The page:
Bonchester businesses are wedded to matrimony market proposal

Bonchester Bridge blacksmith John Falla,   intends in 2013 to marry his lifelong friend Jackie Riddell who has been his fiancee and partner for the past four years.
Bonchester Bridge blacksmith John Falla, intends in 2013 to marry his lifelong friend Jackie Riddell who has been his fiancee and partner for the past four years.

TWO Bonchester Bridge businesses have proposed to take on Gretna Green as the UK’s wedding capital.

Blacksmith John Falla has linked up with Lucy Agnew of the Horse and Hound hotel in an effort to attract engaged couples to the Rule Water village for their special day.

It was last year John, who owns The Smiddy, suggested to Lucy that to mark the centenary of his business – established by his grandfather in 1911 and still in possession of its original anvil – it could be turned into a wedding venue.

“I thought this was a brilliant proposal and I began looking at the bigger picture,” said Lucy, whose hotel began life as a coaching inn in 1701.

“Businesses in our region need a boost and I immediately saw the potential of people coming from far and wide to tie the knot in Bonchester and hopefully discover the hidden jewel of the Borders.

“I think it’s fair to say that Gretna has become something of a conveyor belt, which is understandable given its reputation and the sheer volume of weddings.

“I was really excited at the prospect of promoting not only our businesses, but also this beautiful unspoilt village set in magnificent scenery.”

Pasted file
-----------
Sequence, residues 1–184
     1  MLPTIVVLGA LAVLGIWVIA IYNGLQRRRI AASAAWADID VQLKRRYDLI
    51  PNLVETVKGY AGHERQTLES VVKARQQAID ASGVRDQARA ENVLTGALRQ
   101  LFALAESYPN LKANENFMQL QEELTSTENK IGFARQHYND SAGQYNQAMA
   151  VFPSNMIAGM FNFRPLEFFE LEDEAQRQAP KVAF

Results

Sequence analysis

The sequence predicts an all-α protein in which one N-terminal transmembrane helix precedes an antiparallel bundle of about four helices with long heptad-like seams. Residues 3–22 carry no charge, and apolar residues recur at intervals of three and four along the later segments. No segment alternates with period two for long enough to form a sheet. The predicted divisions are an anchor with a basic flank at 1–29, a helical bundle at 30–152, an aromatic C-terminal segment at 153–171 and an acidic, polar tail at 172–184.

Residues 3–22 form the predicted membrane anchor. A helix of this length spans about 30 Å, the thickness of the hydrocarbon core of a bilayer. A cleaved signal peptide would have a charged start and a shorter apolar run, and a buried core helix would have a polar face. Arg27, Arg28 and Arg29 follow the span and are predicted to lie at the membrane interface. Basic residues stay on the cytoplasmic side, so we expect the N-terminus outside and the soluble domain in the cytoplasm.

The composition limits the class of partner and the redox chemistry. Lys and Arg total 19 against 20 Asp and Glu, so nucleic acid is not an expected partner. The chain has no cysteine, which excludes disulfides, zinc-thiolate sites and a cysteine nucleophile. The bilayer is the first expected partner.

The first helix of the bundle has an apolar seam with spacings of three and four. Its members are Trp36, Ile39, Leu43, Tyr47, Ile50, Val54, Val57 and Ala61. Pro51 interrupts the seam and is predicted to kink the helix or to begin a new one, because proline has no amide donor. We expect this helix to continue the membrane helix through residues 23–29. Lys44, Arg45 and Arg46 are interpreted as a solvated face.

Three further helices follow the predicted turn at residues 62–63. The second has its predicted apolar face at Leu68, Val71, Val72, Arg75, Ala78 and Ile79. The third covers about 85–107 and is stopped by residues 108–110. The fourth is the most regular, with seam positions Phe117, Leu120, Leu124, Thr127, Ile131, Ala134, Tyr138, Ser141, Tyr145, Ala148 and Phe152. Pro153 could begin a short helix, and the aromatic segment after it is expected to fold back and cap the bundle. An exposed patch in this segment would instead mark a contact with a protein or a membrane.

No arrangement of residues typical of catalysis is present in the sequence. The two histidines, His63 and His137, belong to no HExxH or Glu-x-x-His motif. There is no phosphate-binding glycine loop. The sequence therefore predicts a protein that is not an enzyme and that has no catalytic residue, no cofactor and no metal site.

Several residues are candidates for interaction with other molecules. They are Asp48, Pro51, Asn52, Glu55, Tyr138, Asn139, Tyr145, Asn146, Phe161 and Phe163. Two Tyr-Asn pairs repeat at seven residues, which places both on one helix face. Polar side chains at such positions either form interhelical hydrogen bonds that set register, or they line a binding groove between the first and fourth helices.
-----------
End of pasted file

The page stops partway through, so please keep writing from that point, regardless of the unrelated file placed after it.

Gretna Green is estimated to see more than 5,000 weddings a year.

But the Horse and Hounds, which can accommodate up to 100 in its lounge bar and restaurant, is now putting together special smithy wedding packages which it will market throughout the United Kingdom and abroad in the months ahead.

And already the smithy and hotel combination has proved a marital hit with a new bride and groom.

“About two weeks ago, a couple were due to marry in the village’s Hobkirk Church, and have their wedding breakfast and reception in the hotel,” recalled Lucy, who has been in the hotel trade for 43 years.

“John and I thought it would be a great idea to have a photoshoot of the happy couple, their guests and local minister, the Reverend Douglas Nichol, who performed the ceremony, in the smithy, so we set about decking it out in horseshoes, horse brasses and, of course, the original anvil.

“The result was we created a really ambient and evocative atmosphere, and the happy couple were delighted with the photographs and said they would never forget their special day in Bonchester.”

Lucy added: “It’s a case of suck it and see how it goes, so, at the moment, we are holding off from applying for registration to allow civil marriages to take place in the smithy.

“In the meantime, the Reverend Nichol is happy to do the honours.”

Meanwhile, John, 59, who received the British Empire Medal earlier this month, appears to have solved his own wedding venue problem and is due to tie the knot with his fiancee of four years, Jackie Riddell, in the smithy next year.